Focal Passage: John 5:5-16
Few difficulties in life are more dangerous than hopelessness. In 2020, Anne Case and Angus Deaton co-authored a book titled, Deaths of Despair and the Future of Capitalism, where they researched a unique rise in death rates among white, middled-aged, American men. While life expectancy had been on the rise through the 1900s, studies revealed a noticeable decline among men, ages 45-54, since 2000 — a decline exclusive to the United States.
In a nation overflowing with advanced healthcare, astonishing technology and accumulated wealth, what could possibly lead to an increase in the death rate? According to Case and Deaton, this unique group of men have been adversely affected by economic instability, lower education levels, joblessness, disintegrating families and other cultural maladies.
As a result of such pain and sorrow — along with the personal belief that it will never change — many of them have suffered from alcoholism, opioid addictions, drug overdoses, suicides and other fatal diseases related to poor health and lifestyle choices.
In essence, a sense of hopelessness has led these men to “deaths of despair.” And such despair isn’t unique to men. There are numerous women and adolescents — even in our churches — that struggle with the perceived reality that life will never change. However, hopelessness isn’t just a modern issue. In John 5, we find such an example in a lifelong paralytic that Jesus encountered by the pool called Bethesda.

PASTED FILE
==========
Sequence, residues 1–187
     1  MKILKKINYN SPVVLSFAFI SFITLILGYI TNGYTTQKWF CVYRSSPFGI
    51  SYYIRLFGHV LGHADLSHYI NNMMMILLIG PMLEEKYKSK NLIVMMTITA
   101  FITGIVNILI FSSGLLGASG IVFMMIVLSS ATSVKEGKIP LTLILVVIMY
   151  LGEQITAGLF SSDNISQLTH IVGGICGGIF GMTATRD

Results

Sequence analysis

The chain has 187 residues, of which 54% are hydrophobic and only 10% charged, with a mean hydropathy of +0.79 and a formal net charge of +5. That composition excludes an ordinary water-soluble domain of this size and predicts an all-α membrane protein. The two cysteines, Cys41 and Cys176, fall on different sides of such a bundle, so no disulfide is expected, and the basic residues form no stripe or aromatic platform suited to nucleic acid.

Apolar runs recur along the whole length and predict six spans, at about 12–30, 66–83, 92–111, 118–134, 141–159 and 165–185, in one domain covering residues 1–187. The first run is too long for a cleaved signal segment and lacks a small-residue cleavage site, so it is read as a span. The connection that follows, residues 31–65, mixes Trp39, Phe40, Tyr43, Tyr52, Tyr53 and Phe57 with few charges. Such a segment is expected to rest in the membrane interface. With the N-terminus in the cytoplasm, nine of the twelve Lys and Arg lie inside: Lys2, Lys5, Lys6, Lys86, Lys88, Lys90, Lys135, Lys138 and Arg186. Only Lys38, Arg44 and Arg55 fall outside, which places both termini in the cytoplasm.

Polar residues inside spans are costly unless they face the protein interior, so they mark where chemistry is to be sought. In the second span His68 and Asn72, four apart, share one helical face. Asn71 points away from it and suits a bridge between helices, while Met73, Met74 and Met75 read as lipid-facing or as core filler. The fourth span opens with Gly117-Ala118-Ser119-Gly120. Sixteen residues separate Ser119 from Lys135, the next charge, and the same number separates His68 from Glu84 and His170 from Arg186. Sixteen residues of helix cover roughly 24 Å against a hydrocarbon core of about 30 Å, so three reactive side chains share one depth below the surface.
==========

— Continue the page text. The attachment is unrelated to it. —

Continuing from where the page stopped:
Unlike pools today, which are used for relaxation and enjoyment, this pool was described by one writer as “a collection of human suffering.” It was surrounded by the blind, lame, deaf and diseased, all believing a local legend that angels would occasionally stir the water and bring healing to those who could get in. Like modern day panhandlers who position themselves in major traffic areas to receive coins, these disabled men and women had positioned themselves in an area where they thought they could receive healing, but virtually all of them had been there for many years with no success.
In a similar way, those who are hopeless today look for relief through every human remedy possible: wealth and materialism, popularity and status, personal beauty, entertainment, recreation, drugs and alcohol, sexual immorality, etc. Many believe the cultural lie that these are the means for long-term joy and fulfillment. However, like the paralytic who had been searching for 38 years, many today have come up short their whole lives.
But as the waters of the pool failed to produce, the paralytic was approached by Jesus and asked, “Do you want to be healed?” After explaining how his efforts to get in the water had been unsuccessful, Jesus said to him, “Get up, take up your bed and walk.” Then John specifically notes, “at once the man was healed.”
This instantaneous healing is a reminder that Jesus can provide in a moment what the world’s methods cannot deliver over a lifetime. However, it required the man to pick up his mat, which was a symbol of giving up on his own efforts to find healing another way.
When we are filled with despair and hopelessness, we must turn to Jesus for help. But it often requires us abandoning our own means for finding joy and peace and trusting in the One who heals hearts at once. Soli Deo Gloria! B&R